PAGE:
The Archaic State utilizes the first pole of sovereignty, the pole of conquest. Dumézil outlined the mythic origins of this pole, tracing it back to the figure of the magician-king. And, although Scott gives us a clear picture of the conquering king, he has only few remarks on the magic of the State. [[footnote: Scott's analysis of millenarian religious movements and their prophecy-driven exoduses are provocative, but insufficient when compared to substantial works in cultural anthropology on religious reactions to statecraft.]]
One thing is clear: the conquerer does not succeed by might alone. Mythology provides a clear entry point for considering the role of magic in sovereign conquest. Romulus, for example, twice risks defeat after founding Rome. To ensure success, Romlulus invokes Jupiter, and after each victory he founds a cult and erects temple in thanks to Jupiter (M-V, 53-4). But Romulus does not invoke Mars, as would be appropriate for a warrior-chief. Rather, it is Jupiter, the god of State, who brings Romulus victory in two particular aspects: Jupiter as divine protector of regnum by arms, and Jupiter the great magician that performs “a sovereign conjuring trick” to break the morale of the enemy (55). By combining these two specifications of Jupiter, we know that the Archaic State captures by arms and by magic.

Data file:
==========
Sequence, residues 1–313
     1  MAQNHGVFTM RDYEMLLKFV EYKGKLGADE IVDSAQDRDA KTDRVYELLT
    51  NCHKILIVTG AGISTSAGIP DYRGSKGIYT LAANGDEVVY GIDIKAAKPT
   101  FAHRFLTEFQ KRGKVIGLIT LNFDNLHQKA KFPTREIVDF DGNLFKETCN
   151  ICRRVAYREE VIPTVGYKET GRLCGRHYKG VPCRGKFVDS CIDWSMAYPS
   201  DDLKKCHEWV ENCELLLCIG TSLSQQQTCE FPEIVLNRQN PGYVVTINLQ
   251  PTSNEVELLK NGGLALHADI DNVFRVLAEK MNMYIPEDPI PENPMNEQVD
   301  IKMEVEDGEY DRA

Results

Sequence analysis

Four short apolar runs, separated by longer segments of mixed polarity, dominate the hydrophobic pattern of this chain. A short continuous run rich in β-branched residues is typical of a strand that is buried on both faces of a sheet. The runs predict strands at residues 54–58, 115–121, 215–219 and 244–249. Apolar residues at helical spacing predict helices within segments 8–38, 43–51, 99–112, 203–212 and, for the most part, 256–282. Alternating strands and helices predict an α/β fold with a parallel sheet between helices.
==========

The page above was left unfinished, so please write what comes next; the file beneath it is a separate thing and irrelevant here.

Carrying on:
“The Binder” is another name for this magician-king. And it is binding that specifies the connection between their use of arms and magic. War may be chaotic, but sovereign wars of conquest are not without rules. In fact, wars are waged to establish a specific set of obligations: a nexum of bonds and debts (98). In contrast to pacts, which are made between equal-and-willing parties, the bond is a knot tied with force. The power of bonds, then, comes from both arms and magic. The substance of those bonds is a shifting economy of the repayment for hostility, the cost of a life, or any other means to bind and subjugate (98, 99). But the bond is cast by a dazzling sovereign; for instance, the one-eyed gods who raise their spear, not to fight, but to paralyze the enemy with fright (129, 139-40, 143). And the stupor continues far past the battle as the sovereign uses his terrifying magic to convert the loser’s fright into a bond that divides the victorious from the conquered (155). It is through the sting of defeat that the magician-king marshals his forces; capturing the vanquished, appropriating their power from afar, and commanding them with his terrifying magic.